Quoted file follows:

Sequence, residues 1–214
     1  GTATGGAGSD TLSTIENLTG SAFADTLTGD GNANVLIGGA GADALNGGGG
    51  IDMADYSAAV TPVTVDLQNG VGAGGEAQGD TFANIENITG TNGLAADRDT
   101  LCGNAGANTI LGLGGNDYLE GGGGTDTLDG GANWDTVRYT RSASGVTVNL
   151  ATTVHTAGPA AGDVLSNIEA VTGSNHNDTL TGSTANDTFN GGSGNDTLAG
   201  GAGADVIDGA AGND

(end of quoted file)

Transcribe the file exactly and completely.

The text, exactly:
Sequence, residues 1–214
     1  GTATGGAGSD TLSTIENLTG SAFADTLTGD GNANVLIGGA GADALNGGGG
    51  IDMADYSAAV TPVTVDLQNG VGAGGEAQGD TFANIENITG TNGLAADRDT
   101  LCGNAGANTI LGLGGNDYLE GGGGTDTLDG GANWDTVRYT RSASGVTVNL
   151  ATTVHTAGPA AGDVLSNIEA VTGSNHNDTL TGSTANDTFN GGSGNDTLAG
   201  GAGADVIDGA AGND